Real-Time Strategy: Multi-Level Dynamics in an Uncertain Environment

Abstract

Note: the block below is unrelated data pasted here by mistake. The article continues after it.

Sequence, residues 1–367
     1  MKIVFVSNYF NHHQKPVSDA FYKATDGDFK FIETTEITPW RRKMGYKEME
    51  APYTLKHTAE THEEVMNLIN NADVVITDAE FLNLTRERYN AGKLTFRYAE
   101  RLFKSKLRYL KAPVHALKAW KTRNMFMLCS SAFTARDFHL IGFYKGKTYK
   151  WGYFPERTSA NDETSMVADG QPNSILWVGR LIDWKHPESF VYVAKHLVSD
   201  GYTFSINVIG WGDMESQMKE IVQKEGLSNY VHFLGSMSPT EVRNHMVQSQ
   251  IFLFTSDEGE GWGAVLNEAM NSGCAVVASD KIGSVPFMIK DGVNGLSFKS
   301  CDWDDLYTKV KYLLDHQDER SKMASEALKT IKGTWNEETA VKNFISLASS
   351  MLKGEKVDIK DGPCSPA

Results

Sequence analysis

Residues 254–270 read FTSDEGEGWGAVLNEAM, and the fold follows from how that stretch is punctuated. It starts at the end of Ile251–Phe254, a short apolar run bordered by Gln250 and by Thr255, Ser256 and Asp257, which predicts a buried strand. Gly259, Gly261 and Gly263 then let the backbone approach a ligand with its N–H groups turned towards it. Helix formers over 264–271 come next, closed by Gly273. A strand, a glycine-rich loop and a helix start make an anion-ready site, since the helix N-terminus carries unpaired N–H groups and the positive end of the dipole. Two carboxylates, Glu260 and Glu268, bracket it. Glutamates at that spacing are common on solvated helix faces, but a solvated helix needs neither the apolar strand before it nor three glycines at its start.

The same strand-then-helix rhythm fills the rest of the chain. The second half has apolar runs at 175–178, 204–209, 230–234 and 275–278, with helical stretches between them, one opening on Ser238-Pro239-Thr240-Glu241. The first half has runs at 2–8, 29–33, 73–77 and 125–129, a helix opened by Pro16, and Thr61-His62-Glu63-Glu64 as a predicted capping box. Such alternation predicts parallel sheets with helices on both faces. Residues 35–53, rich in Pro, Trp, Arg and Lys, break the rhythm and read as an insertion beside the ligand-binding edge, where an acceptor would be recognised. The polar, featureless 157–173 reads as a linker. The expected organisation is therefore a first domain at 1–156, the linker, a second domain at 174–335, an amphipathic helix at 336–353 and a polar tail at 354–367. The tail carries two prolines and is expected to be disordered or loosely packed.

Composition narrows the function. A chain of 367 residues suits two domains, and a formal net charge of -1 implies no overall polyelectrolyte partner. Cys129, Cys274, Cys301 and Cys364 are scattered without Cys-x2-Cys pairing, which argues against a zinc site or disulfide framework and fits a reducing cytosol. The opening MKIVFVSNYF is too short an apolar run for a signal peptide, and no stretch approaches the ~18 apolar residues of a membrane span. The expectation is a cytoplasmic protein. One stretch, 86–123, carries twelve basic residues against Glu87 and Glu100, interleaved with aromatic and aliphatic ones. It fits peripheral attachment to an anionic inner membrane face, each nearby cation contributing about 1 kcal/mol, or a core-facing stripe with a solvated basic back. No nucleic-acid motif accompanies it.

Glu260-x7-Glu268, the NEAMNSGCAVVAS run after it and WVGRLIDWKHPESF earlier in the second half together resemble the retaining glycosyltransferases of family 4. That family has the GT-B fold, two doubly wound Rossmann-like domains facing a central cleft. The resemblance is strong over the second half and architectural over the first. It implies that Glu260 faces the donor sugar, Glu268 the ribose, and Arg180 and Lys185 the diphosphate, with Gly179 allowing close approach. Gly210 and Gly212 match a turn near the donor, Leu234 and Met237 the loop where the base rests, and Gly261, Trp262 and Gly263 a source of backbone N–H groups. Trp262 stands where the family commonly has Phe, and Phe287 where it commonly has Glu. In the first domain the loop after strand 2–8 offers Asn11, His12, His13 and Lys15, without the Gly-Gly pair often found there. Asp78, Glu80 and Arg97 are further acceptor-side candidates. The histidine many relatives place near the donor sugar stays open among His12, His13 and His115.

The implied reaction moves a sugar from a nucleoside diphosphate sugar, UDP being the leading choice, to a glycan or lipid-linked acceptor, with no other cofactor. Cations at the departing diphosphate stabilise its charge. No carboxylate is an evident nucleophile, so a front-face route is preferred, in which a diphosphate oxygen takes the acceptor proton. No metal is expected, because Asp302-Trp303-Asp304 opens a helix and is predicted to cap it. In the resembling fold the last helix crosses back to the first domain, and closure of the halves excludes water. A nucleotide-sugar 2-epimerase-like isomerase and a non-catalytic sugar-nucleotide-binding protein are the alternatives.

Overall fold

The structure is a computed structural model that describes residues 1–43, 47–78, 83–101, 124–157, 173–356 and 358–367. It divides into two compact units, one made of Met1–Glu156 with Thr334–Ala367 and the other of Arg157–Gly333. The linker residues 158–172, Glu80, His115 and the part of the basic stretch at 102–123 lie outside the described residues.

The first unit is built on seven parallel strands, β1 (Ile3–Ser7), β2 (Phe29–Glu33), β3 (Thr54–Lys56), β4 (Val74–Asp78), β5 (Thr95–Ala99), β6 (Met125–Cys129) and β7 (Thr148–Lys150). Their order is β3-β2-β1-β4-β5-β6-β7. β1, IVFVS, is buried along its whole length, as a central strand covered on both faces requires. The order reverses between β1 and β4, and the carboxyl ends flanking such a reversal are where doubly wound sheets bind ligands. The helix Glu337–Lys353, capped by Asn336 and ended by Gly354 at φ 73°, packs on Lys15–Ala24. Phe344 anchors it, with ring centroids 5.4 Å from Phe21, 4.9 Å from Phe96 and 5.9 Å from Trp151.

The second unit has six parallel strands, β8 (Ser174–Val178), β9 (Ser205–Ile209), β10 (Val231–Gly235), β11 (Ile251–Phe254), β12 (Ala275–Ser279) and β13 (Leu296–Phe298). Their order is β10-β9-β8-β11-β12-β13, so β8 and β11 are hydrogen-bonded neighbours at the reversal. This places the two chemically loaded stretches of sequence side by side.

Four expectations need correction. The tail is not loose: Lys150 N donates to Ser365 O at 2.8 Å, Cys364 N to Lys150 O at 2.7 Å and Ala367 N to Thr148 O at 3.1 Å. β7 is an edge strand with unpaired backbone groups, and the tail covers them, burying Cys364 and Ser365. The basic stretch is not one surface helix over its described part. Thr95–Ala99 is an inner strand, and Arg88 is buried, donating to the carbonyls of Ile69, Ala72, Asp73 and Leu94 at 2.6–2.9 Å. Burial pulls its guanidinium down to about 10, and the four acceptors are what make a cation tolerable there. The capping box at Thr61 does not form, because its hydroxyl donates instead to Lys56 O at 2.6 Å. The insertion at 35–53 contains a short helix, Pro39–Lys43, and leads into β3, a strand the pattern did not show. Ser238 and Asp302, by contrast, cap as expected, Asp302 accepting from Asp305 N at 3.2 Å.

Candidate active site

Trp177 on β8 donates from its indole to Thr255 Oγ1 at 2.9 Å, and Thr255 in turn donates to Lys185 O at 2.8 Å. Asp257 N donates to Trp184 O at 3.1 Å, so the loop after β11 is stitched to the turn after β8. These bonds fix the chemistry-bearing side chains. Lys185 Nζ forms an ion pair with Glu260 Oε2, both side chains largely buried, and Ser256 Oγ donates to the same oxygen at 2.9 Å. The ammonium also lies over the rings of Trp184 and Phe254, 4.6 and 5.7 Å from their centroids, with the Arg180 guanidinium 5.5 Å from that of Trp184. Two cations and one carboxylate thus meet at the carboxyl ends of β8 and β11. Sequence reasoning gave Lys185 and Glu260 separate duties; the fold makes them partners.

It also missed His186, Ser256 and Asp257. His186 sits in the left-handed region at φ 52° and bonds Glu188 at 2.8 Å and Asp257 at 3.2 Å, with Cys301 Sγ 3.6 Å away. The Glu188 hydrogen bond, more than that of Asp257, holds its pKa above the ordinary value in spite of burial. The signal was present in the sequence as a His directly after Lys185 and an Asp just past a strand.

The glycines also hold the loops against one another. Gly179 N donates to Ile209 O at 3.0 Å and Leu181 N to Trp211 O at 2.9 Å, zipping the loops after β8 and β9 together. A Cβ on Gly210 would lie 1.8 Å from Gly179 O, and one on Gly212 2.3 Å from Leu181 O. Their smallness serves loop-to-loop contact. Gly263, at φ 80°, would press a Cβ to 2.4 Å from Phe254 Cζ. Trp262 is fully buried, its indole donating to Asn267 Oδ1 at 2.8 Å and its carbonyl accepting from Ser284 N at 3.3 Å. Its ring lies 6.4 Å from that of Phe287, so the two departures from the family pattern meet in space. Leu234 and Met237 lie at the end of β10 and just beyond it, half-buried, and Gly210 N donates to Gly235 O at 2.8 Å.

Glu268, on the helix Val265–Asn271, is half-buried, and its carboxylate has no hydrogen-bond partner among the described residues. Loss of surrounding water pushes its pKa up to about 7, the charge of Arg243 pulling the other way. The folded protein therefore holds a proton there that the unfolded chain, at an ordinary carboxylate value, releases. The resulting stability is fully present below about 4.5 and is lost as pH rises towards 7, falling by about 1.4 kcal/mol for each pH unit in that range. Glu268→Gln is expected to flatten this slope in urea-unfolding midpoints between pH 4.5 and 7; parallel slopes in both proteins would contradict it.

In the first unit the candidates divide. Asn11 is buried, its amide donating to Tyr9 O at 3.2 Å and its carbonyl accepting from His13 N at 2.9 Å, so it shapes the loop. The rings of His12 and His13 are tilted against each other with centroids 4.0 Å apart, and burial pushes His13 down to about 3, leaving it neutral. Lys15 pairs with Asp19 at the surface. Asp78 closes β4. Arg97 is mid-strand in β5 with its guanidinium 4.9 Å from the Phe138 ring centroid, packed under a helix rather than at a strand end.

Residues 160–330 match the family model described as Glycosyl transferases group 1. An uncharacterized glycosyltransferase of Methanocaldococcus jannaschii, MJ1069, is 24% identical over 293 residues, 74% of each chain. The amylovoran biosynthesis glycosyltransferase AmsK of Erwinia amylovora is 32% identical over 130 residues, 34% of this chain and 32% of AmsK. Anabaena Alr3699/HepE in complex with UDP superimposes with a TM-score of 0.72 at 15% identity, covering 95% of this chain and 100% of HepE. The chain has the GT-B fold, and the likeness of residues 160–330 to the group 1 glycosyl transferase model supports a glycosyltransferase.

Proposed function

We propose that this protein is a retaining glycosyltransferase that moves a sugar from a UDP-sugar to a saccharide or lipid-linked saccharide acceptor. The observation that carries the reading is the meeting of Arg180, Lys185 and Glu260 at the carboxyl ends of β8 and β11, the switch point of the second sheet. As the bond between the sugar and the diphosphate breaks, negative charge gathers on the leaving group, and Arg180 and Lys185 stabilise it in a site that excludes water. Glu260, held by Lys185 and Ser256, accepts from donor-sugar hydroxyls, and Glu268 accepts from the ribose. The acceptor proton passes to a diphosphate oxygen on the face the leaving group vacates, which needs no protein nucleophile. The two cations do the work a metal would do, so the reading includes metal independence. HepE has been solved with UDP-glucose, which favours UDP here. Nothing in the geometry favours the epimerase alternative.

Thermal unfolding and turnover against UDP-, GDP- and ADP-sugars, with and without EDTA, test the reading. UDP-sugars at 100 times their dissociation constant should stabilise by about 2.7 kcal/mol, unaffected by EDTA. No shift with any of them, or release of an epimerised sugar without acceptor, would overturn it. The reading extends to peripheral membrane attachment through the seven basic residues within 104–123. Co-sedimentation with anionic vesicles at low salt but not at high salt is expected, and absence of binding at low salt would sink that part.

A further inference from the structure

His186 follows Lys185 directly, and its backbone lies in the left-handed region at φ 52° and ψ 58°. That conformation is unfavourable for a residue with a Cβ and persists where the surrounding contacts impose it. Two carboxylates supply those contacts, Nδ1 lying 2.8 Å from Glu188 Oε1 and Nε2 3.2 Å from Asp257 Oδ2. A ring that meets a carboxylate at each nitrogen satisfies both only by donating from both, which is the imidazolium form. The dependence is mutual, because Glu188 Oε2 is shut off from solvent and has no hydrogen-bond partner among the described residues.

As an agent gathers information about its environment and monitors the decisions of other agents, its behavior may fluctuate adaptively over short time scales while still maintaining a long-term strategy. We designed a real-time virtual environment to experimentally investigate the relationship between the micro-level dynamics of dyadic behavior within single games and the macro-level dynamics of outcomes across iterated games. In one experiment, participants played a real-time game of "chicken," simultaneously guiding avatars toward high-payoff or low-payoff targets. If both participants reached a demarcated vicinity of a target at the same time, that target was destroyed. We recorded their trajectories, and induced uncertainty by adding noise to their movement speeds. At the macro-level, we found evidence of self-organized turn-taking across repeated games. At the micro-level, we found that even within a turn-taking equilibrium, both players competitively pursued the high payoff for a period of time before one of them diverted.


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